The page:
MCMCoprobit {MCMCpack}R Documentation

Markov chain Monte Carlo for Ordered Probit Regression


This function generates a posterior density sample from an ordered probit regression model using the data augmentation approach of Cowles (1996). The user supplies data and priors, and a sample from the posterior density is returned as an mcmc object, which can be subsequently analyzed with functions provided in the coda package.


MCMCoprobit(formula, data = parent.frame(), burnin = 1000, mcmc = 10000,
   thin=1, tune = NA, verbose = FALSE, seed = NA, beta.start = NA,
   b0 = 0, B0 = 0, ...) 


formula Model formula.
data Data frame.
burnin The number of burn-in iterations for the sampler.
mcmc The number of MCMC iterations for the sampler.
thin The thinning interval used in the simulation. The number of Gibbs iterations must be divisible by this value.
tune The tuning parameter for the Metropolis-Hastings step. Default of NA corresponds to a choice of 0.05 divided by the number of categories in the response variable.
verbose A switch which determines whether or not the progress of the sampler is printed to the screen. If TRUE, the iteration number, the beta vector, and the Metropolis-Hastings acceptance rate are printed to the screen every 500 iterations.
seed The seed for the random number generator. If NA, the Mersenne Twister generator is used with default seed 12345; if an integer is passed it is used to seed the Mersenne twister. The user can also pass a list of length two to use the L'Ecuyer random number generator, which is suitable for parallel computation. The first element of the list is the L'Ecuyer seed, which is a vector of length six or NA (if NA a default seed of rep(12345,6) is used). The second element of list is a positive substream number. See the MCMCpack specification for more details.
beta.start The starting value for the beta vector. This can either be a scalar or a column vector with dimension equal to the number of betas. If this takes a scalar value, then that value will serve as the starting value for all of the betas. The default value of NA will use rescaled estimates from an ordered logit model.
b0 The prior mean of beta. This can either be a scalar or a column vector with dimension equal to the number of betas. If this takes a scalar value, then that value will serve as the prior mean for all of the betas.
B0 The prior precision of beta. This can either be a scalar or a square matrix with dimensions equal to the number of betas. If this takes a scalar value, then that value times an identity matrix serves as the prior precision of beta. Default value of 0 is equivalent to an improper uniform prior on beta.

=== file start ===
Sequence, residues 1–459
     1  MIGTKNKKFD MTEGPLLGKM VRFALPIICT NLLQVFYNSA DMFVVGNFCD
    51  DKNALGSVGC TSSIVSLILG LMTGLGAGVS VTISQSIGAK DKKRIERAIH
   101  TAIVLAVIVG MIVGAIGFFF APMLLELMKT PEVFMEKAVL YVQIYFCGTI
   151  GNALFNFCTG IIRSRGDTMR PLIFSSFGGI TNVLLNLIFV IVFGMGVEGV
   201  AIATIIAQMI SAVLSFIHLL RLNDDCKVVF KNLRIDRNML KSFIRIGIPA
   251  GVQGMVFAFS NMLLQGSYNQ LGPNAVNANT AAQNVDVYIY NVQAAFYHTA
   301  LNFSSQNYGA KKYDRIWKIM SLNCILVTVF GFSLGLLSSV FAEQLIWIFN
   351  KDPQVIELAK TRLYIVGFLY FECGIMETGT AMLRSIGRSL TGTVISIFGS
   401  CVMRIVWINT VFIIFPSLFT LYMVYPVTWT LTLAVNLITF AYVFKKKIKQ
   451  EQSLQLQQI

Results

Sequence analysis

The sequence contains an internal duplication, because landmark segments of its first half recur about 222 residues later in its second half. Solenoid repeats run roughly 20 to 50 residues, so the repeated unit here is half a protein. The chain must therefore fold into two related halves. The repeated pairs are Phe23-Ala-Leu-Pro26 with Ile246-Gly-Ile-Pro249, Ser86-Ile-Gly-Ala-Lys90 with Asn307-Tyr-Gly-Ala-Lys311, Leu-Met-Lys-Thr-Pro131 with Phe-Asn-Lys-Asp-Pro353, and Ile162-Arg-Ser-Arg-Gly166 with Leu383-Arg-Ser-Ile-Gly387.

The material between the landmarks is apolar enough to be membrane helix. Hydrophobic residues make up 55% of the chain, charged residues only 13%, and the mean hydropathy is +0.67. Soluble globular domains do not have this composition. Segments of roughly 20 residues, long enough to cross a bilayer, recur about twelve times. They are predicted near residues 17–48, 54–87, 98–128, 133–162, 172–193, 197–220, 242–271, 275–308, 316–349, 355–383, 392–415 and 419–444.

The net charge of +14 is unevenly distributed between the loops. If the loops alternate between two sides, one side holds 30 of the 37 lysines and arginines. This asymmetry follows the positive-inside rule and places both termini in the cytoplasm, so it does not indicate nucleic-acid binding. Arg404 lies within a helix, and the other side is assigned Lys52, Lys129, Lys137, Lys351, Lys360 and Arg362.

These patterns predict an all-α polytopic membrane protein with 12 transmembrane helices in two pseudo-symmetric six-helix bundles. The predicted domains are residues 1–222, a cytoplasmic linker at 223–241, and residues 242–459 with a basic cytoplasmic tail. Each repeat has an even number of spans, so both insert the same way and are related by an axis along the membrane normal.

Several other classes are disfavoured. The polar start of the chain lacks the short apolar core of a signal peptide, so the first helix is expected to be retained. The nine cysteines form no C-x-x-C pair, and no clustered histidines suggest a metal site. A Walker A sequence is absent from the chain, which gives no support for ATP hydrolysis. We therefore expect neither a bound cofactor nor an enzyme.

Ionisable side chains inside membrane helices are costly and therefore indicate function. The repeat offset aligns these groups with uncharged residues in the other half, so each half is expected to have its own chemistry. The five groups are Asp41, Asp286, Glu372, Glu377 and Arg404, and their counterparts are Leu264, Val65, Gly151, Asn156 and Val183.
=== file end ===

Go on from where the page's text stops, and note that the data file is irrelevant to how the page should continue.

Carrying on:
... further arguments to be passed


MCMCoprobit simulates from the posterior density of a ordered probit regression model using data augmentation. The simulation proper is done in compiled C++ code to maximize efficiency. Please consult the coda documentation for a comprehensive list of functions that can be used to analyze the posterior density sample.

The observed variable y_i is ordinal with a total of C categories, with distribution governed by a latent variable:

z_i = x_i'beta + epsilon_i

The errors are assumed to be from a standard Normal distribution. The probabilities of observing each outcome is governed by this latent variable and C-1 estimable cutpoints, which are denoted gamma_c. The probability that individual i is in category c is computed by:

pi_ic = Phi(gamma_c - x_i'beta) - Phi(gamma_(c-1) - x_i'beta)

These probabilities are used to form the multinomial distribution that defines the likelihoods.

The algorithm employed is discussed in depth by Cowles (1996). Note that the model does include a constant in the data matrix. Thus, the first element gamma_1 is normalized to zero, and is not returned in the mcmc object.


An mcmc object that contains the posterior density sample. This object can be summarized by functions provided by the coda package.


M. K. Cowles. 1996. ``Accelerating Monte Carlo Markov Chain Convergence for Cumulative-link Generalized Linear Models." Statistics and Computing. 6: 101-110.

Valen E. Johnson and James H. Albert. 1999. ``Ordinal Data Modeling." Springer: New York.

Andrew D. Martin, Kevin M. Quinn, and Daniel Pemstein. 2004. Scythe Statistical Library 1.0.

Martyn Plummer, Nicky Best, Kate Cowles, and Karen Vines. 2002. Output Analysis and Diagnostics for MCMC (CODA).

See Also



   ## Not run: 
   x1 <- rnorm(100); x2 <- rnorm(100);
   z <- 1.0 + x1*0.1 - x2*0.5 + rnorm(100);
   y <- z; y[z < 0] <- 0; y[z >= 0 & z < 1] <- 1;
   y[z >= 1 & z < 1.5] <- 2; y[z >= 1.5] <- 3;
   posterior <- MCMCoprobit(y ~ x1 + x2, tune=0.3, mcmc=20000)
## End(Not run)

[Package MCMCpack version 0.5-2 Index]